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Genomics Forum · Publications

“Most people are simply not designed to eat pasta”: evolutionary explanations for obesity in the low-carbohydrate diet movement

Knight, C.

Date

September 2011

Publication type

Journal articles

Journal

Public Understanding of Science 20(5)

Publisher

SAGE

ISBN

0963-6625

PP

706-719

Author(s) or editor(s)

Author

Other information

Knight, C.

Text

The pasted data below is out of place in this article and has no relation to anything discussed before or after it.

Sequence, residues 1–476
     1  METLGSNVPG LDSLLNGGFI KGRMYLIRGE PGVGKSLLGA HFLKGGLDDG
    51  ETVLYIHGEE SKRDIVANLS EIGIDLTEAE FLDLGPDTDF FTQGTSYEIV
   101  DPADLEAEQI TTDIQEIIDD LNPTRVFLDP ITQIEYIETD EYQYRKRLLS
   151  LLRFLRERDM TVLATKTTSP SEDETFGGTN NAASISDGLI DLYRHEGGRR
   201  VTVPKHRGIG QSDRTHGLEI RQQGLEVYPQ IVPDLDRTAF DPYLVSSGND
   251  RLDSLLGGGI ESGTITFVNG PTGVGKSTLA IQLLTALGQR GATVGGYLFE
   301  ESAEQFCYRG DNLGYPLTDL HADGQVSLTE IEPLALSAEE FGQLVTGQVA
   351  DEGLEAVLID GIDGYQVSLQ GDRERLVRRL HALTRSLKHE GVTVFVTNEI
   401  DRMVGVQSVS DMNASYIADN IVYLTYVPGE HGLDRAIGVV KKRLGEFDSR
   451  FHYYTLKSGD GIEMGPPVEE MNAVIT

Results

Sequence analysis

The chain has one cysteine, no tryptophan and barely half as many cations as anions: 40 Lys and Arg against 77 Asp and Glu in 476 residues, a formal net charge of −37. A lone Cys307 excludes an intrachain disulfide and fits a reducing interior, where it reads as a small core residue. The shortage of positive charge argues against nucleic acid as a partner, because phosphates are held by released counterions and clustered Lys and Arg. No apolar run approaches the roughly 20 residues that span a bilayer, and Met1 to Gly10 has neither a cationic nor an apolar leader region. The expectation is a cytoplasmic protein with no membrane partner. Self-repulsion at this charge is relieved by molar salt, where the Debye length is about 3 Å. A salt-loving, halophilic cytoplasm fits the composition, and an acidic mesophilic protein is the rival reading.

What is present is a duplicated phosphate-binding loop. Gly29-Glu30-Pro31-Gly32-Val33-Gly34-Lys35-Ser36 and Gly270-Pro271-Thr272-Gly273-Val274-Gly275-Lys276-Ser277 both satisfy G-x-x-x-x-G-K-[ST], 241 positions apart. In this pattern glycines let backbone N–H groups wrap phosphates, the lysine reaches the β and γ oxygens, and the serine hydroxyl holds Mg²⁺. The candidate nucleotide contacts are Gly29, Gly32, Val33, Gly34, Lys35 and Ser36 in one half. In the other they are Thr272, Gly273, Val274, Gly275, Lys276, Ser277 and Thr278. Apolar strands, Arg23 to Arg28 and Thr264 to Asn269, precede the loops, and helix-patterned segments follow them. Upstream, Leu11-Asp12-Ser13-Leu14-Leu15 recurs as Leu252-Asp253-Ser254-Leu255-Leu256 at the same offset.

Abstract: Low-carbohydrate diets, notably the Atkins Diet, were particularly popular in Britain and North America in the late 1990s and early 2000s. On the basis of a discourse analysis of bestselling low-carbohydrate diet books, I examine and critique genetic and evolutionary explanations for obesity and diabetes as they feature in the low-carbohydrate literature. Low-carbohydrate diet books present two distinct neo-Darwinian explanations of health and body-weight. First, evolutionary nutrition is based on the premise that the human body has adapted to function best on the diet eaten in the Paleolithic era. Second, the thrifty gene theory suggests that feast-or-famine conditions during human evolutionary development naturally selected for people who could store excess energy as body fat for later use. However, the historical narratives and scientific arguments presented in the low-carbohydrate literature are beset with generalisations, inconsistencies and errors. These result, I argue, from the use of the primitive as a discursive “blank slate” onto which to project ideals perceived to be lacking in contemporary industrialised life.

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